Stay anywhere on Ucross’ 20,000-acre ranch and you’ll realize we’re concerned about time and space. We all serve as temporary philosophers, gazing out over the vast landscape or gazing up at the starry sky. We see hills and mountains carved and sculpted by centuries, millennia, and geologic time, and we can’t help but wonder about our own impermanence. As Virginia Woolf wrote in her novel To the Lighthouse, it’s humbling to think that “A stone kicked with a boot is better than Shakespeare.”
Giving artists the time and space to create new work is our mission and mantra. Artists and visitors often say that time slows down at Ucross, or at least it moves at a different pace. When we talk or write about time in this context, it’s often code for the sense of freedom we hope the Ucross experience provides to our artists in residence, as well as the benefit of taking time out to focus on their creative practice. But what exactly is “time”? There is perhaps no more fertile ground for artists, writers, and philosophers to work in than the concept of eternal time. It is fitting, then, that the first exhibition at the new Ucross Art Gallery centers on how artists express, explore, translate, decode or grapple with the complexities of time.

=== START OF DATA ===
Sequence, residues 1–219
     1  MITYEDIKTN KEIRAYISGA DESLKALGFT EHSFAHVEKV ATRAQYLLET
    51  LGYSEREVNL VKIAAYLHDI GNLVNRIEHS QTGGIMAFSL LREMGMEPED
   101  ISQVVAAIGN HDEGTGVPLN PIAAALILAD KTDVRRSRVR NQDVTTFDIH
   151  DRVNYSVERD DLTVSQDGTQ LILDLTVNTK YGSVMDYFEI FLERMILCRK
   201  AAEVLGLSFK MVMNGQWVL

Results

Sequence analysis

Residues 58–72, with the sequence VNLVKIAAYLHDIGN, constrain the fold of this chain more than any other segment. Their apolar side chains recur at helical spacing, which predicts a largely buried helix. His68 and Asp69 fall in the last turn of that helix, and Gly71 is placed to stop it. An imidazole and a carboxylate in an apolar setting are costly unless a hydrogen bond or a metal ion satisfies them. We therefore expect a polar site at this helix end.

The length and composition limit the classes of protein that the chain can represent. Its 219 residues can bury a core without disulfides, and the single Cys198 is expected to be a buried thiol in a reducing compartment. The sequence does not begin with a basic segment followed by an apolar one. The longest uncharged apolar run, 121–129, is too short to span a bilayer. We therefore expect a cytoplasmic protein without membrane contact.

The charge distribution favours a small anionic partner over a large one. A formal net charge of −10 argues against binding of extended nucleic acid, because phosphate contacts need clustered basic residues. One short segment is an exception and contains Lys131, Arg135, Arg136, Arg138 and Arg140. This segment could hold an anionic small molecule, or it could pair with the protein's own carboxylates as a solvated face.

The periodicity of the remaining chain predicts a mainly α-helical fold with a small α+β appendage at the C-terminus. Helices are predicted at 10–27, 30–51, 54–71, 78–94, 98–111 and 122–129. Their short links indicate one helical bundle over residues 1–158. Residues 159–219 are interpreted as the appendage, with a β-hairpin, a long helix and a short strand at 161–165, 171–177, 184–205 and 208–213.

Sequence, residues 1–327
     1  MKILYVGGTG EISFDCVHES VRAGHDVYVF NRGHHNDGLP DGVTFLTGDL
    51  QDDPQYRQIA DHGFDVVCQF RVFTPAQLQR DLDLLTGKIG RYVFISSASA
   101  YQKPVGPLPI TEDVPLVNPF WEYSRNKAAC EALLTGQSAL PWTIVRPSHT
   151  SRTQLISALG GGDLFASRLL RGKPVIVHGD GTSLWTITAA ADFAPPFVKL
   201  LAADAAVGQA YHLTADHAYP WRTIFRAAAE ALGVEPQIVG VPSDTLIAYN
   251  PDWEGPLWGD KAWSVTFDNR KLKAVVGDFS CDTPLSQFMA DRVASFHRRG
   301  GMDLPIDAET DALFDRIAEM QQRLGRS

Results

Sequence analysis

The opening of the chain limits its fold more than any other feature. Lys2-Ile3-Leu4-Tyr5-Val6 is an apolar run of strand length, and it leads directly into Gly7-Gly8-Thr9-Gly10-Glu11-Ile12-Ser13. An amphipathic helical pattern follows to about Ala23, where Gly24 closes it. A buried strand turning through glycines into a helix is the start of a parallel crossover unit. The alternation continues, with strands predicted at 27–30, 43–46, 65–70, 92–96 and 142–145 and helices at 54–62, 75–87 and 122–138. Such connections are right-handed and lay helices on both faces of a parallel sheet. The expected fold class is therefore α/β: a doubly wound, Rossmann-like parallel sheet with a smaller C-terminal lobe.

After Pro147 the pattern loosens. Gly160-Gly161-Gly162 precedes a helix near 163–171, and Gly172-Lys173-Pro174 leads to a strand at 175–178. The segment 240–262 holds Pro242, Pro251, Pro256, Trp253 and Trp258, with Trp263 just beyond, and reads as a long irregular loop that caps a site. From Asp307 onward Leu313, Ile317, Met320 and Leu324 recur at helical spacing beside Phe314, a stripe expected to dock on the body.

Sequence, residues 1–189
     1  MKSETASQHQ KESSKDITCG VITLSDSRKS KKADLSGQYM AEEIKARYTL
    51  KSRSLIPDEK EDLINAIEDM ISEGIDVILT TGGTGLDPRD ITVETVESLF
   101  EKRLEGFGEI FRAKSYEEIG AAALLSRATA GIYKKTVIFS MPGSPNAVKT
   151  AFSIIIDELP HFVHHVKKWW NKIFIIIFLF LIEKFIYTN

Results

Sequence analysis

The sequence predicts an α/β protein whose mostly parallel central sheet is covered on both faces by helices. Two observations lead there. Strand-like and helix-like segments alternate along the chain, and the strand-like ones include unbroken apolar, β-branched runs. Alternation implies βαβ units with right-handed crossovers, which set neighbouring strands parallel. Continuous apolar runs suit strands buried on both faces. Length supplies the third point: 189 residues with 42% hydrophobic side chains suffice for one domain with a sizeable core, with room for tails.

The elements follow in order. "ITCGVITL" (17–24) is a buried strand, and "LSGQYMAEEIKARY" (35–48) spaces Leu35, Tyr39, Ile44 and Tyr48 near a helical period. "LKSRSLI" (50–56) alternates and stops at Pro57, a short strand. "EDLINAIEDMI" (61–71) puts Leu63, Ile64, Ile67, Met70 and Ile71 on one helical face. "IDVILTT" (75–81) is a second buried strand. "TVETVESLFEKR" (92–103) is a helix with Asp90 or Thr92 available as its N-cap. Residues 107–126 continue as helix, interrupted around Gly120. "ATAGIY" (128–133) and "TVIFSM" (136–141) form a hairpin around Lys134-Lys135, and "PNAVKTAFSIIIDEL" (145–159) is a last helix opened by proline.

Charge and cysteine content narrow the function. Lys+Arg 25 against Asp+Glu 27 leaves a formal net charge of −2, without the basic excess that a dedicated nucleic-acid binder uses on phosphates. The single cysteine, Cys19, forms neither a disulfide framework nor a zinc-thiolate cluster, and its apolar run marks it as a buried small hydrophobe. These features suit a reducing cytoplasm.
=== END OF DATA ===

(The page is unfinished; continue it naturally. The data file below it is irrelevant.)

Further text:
William Belcher President of the Ucross Foundation.